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Soft Pretzels

March 4, 2009

Oh Wow.  It is 4:00am and I am updating my blog.  You see I awoke at 3:30am in the middle of the night with a craving for a midnight snack.  And after 30 minutes of tossing, I could not get these soft pretzels out of my mind.  I plan on taking them into work later today but I *had* to try one first.

Now, I’m no connoisseur of soft pretzels, but this I know: this is one delicious treat.

Now, the omnivore in the house is very honest with me when it comes to my cooking.  And both you and I ought to appreciate this honesty.

For you it means that I’m only showing you blog-worthy eats, and for me it means that I’m not wasting ingredients on recipes that my family doesn’t love.  But I can’t really remember the last time I made a recipe that the omnivore didn’t like, right honey?

“Some of your pretzels look like dog-poop,” said the honest-omnivore-husband as I was shaping these soft pretzels.  Hmph.  Now I’ve got two things to say about that:

1) As someone who actually works in the dog-poo profession, if your dog’s poo resembles a soft pretzel, please take the pooch to the vet.
2) I bet the omnivore won’t say anything like that again because it lead him to taste all of ZERO pretzels.

(Actually, each pretzel requires quite a bit of dough to form the shape, so I didn’t really have extras to go around the Branny-household.  All pretzels but the obligate taste-tester were destined for work.)

Soft Pretzels (8 traditionally shaped pretzels, lightly adapted from Alton Brown)
• 1 1/2 cups warm (110 to 115 degrees F) water
• 1 tablespoon sugar
• 2 teaspoons kosher salt
• 2 1/4 tsp active dry yeast
• 22 ounces all-purpose flour, approximately 4 1/2 cups
–I used 1 cup AP, 1 cup WW flour, and the balance in bread flour because I ran out of AP flour.  I’m not running a bakery here, people, I might run out of ingredients every now and then.
• 2 ounces unsalted butter, melted
• Vegetable oil, for pan
• 10 cups water
• 2/3 cup baking soda
• 1 large egg yolk beaten with 1 tablespoon water
• Pretzel salt

Combine the water, sugar and kosher salt in the bowl of a stand mixer and sprinkle the yeast on top. Allow to sit for 5 minutes or until the mixture begins to foam. Add the flour and butter and, using the dough hook attachment, mix on low speed until well combined. Change to medium speed and knead until the dough is smooth and pulls away from the side of the bowl, approximately 4 to 5 minutes. Place dough in a well oiled bowl and cover with plastic wrap.  Allow bowl to sit in a warm place for approximately 50 to 55 minutes or until the dough has doubled in size.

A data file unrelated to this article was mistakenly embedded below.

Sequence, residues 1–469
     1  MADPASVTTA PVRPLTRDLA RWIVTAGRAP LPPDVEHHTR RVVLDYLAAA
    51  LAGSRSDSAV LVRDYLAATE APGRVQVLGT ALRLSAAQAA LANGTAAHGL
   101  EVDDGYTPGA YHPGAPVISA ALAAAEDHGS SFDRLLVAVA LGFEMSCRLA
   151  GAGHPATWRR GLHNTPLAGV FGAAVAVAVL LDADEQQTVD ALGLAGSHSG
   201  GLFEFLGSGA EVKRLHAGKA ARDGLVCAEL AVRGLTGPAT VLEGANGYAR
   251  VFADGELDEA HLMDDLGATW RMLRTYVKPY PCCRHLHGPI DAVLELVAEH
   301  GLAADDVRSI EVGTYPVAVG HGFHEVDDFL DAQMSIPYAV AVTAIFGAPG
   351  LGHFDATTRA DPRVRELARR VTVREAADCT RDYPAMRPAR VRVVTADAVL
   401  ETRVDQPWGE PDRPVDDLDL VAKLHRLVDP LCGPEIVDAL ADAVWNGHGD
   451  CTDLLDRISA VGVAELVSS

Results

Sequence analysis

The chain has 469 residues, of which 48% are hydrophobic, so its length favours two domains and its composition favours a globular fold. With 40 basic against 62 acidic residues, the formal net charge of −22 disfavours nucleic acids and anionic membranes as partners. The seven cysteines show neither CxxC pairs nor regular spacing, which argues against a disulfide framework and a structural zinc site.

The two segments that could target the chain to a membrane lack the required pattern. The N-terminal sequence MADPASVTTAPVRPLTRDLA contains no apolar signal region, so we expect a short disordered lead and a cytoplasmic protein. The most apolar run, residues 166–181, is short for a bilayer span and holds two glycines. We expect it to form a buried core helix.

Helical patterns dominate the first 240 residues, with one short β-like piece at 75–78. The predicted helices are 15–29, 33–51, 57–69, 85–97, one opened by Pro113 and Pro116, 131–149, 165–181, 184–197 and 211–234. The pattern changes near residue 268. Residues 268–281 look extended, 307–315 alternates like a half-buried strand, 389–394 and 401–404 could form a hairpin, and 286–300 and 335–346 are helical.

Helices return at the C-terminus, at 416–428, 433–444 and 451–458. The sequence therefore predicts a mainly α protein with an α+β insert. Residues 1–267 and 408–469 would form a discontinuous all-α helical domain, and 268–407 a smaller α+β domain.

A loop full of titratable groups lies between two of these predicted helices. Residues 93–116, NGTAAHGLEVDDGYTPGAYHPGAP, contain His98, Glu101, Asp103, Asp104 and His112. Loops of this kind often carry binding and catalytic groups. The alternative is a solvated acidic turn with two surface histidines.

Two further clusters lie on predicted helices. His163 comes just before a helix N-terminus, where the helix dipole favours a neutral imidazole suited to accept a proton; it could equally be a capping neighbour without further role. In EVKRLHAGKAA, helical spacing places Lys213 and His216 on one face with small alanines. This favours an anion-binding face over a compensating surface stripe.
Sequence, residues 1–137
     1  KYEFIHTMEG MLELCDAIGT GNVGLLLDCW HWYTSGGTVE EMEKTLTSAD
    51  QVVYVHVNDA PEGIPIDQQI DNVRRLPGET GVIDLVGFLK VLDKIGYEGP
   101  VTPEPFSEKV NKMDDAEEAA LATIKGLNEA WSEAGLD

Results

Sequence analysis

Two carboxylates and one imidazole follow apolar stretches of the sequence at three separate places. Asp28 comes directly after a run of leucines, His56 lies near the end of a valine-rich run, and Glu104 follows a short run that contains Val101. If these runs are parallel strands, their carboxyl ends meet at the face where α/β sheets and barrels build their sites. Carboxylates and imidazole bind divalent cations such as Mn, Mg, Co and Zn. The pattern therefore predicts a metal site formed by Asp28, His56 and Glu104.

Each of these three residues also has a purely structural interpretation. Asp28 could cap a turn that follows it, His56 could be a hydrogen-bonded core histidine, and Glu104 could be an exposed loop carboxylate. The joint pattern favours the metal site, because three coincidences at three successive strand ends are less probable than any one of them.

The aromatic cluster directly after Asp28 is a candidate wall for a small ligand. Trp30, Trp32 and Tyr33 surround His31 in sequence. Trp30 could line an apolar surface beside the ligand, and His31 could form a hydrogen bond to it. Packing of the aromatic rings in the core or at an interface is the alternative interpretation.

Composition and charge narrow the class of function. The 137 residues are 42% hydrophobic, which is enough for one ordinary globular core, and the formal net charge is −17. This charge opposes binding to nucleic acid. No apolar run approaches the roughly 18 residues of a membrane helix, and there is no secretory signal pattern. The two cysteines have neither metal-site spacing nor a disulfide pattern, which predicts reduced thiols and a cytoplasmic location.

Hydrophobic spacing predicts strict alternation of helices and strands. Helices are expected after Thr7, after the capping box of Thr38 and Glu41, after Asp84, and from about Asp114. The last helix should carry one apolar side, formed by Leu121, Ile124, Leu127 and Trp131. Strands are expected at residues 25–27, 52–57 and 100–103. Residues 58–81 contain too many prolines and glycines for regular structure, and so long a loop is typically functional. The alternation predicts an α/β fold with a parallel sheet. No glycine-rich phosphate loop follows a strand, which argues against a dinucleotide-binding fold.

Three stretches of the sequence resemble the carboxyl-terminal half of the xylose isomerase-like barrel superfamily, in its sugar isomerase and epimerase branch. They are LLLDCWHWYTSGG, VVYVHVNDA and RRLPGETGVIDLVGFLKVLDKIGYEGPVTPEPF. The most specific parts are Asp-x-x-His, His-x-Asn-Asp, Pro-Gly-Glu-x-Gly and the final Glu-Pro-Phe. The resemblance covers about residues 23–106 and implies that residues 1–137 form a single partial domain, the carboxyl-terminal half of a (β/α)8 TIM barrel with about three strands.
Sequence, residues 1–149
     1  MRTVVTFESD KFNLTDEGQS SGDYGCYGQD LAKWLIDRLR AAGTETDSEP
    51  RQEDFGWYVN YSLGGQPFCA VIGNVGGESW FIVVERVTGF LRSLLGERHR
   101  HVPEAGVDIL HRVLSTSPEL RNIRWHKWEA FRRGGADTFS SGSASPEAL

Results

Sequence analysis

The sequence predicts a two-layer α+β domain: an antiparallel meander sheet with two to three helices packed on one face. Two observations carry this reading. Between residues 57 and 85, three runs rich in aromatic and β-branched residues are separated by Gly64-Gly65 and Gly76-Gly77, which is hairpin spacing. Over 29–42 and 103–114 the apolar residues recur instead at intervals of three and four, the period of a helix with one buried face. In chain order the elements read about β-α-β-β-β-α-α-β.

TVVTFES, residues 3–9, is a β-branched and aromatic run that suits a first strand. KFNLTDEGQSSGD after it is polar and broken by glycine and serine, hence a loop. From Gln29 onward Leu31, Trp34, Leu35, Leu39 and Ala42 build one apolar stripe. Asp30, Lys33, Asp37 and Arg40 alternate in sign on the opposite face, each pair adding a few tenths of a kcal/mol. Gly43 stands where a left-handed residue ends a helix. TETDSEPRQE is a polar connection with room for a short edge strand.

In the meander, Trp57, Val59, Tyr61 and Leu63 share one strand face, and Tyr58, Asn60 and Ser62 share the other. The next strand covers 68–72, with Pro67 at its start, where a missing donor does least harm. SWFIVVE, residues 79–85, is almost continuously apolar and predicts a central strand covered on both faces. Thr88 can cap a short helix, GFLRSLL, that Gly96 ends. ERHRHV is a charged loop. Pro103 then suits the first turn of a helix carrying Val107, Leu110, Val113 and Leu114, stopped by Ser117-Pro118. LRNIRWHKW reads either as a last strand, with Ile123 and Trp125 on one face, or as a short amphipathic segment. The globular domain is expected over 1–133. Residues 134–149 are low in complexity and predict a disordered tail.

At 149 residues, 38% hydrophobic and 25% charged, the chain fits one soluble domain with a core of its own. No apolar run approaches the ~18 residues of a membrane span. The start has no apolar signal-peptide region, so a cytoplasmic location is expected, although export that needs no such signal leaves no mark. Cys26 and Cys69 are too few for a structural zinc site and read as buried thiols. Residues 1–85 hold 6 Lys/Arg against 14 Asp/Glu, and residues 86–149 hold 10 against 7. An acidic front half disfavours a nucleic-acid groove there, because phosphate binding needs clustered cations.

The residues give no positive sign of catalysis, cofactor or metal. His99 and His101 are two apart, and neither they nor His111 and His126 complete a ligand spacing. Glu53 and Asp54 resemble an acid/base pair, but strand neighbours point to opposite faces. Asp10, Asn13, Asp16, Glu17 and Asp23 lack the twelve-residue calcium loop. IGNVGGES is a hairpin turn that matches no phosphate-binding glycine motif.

Preheat the oven to 450 degrees F. Line 2 half-sheet pans with parchment paper and lightly brush with the vegetable oil. Set aside.

Bring the 10 cups of water and the baking soda to a rolling boil in an 8-quart saucepan or roasting pan.  When you dump in the baking soda, beware of foamy overflow!

In the meantime, turn the dough out onto a slightly oiled work surface and divide into 8 equal pieces. Roll out each piece of dough into a 24-inch rope. Make a U-shape with the rope, holding the ends of the rope, cross them over each other and press onto the bottom of the U in order to form the shape of a pretzel. Place onto the parchment-lined half sheet pan.




Place the pretzels into the boiling water, 1 by 1, for 30 seconds. Remove them from the water using a large flat spatula. Return to the half sheet pan, brush the top of each pretzel with the beaten egg yolk and water mixture and sprinkle with the pretzel salt. Bake until dark golden brown in color, approximately 12 to 14 minutes. Transfer to a cooling rack for at least 5 minutes before serving.

*And if you aren’t eating these babies the day you bake them, I highly recommend reheating each pretzel in a toaster oven for about 5 minutes.


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